WASHINGTON -- The Supreme Court on Wednesday ruled that logging companies and forestry officials in Oregon were not required to obtain permits from the Environmental Protection Agency for storm-water runoff from logging roads.
The decision was a blow to conservationists who had used the permit process to block the silty runoff from logging, which they said choked forest streams. The ruling also suggested that at least some members of the court may be open to a fundamental re-examination of how federal courts approach determinations by administrative agencies.
Justice Anthony M. Kennedy, writing for the majority in the 7-to-1 decision, said the agency's conclusion that no permits were required was entitled to deference. "It is well established," he wrote, "that an agency's interpretation need not be the only possible reading of a regulation -- or even the best one -- to prevail."
That is indeed settled law, but Justice Antonin Scalia, in a long and slashing dissent, said it was time to reconsider the idea that an agency may not only promulgate regulations but also say what they mean.
In a concurrence, Chief Justice John G. Roberts Jr., joined by Justice Samuel A. Alito Jr., said the case decided Wednesday was not a proper one in which to reconsider a basic principle "going to the heart of administrative law." But he added that Justice Scalia's dissent amounted to an invitation for a new case squarely presenting the issue.
Justice Kennedy acknowledged that discharges from logging roads are significant in rainy Oregon, contain "large amounts of sediment" and "can harm fish and other aquatic organisms." But he said the agency was entitled to find that permits were not required under its regulations, though they were susceptible to more than one meaning.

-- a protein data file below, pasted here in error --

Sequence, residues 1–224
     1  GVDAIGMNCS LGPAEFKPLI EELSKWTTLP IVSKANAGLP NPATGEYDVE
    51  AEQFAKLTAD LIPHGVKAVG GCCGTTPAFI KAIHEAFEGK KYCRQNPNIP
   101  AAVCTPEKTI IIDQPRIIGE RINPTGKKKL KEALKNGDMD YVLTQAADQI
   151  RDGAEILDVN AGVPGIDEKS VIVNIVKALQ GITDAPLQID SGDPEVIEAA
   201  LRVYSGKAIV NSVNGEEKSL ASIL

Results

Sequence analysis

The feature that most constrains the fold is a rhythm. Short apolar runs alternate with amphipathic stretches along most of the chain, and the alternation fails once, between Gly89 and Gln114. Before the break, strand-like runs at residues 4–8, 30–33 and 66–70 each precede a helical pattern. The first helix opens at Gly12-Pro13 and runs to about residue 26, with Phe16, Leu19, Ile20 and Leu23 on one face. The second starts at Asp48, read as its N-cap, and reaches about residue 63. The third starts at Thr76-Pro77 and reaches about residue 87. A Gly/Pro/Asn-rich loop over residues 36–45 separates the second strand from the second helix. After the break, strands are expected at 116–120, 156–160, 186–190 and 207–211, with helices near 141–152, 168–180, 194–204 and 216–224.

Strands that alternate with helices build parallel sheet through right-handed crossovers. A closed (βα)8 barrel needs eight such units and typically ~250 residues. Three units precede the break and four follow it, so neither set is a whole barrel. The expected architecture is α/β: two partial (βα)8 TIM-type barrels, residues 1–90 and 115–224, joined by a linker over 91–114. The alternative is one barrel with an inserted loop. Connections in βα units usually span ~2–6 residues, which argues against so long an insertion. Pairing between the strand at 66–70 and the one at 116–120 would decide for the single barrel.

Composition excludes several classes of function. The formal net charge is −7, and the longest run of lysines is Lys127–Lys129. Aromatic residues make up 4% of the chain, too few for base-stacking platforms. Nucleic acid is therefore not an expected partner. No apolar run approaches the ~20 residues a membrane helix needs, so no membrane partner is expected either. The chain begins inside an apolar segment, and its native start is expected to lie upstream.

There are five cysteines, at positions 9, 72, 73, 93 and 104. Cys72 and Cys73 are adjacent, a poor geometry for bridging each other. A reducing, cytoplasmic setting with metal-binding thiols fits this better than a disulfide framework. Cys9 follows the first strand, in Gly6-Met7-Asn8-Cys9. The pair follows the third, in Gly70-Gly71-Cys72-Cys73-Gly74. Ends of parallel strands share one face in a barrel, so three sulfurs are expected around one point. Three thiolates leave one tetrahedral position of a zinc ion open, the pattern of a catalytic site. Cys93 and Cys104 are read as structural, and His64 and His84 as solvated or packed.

Oregon also regulates storm-water runoff, Justice Kennedy added, and the federal agency "could reasonably have concluded that further federal regulation in this area would be duplicative or counterproductive."
Justice Scalia wrote that the better reading of the underlying regulations was to require permits. An exception for natural runoff does not apply, he said, when the water flows through ditches, culverts and the like. And, he added, another part of the regulations specifically lists logging as one of the covered industries. "That, I would think, is that," he wrote.
Just days before the case was argued in December, the agency issued a new and clearer interpretation saying that no permits were required. State and federal officials urged the court to rule that the case was, as a consequence, moot. But all eight justices agreed that the logging companies remained subject to potential penalties under the old interpretation, keeping the case alive.
Justice Stephen G. Breyer did not participate in the two consolidated cases decided Wednesday, Decker v. Northwest Environmental Defense Center, No. 11-338, and Georgia-Pacific West v. Northwest Environmental Defense Center, No. 11-347. Judge Charles R. Breyer, the justice's brother, had sat on the appeals court panel whose decision was under review.
This article originally appeared in The New York Times.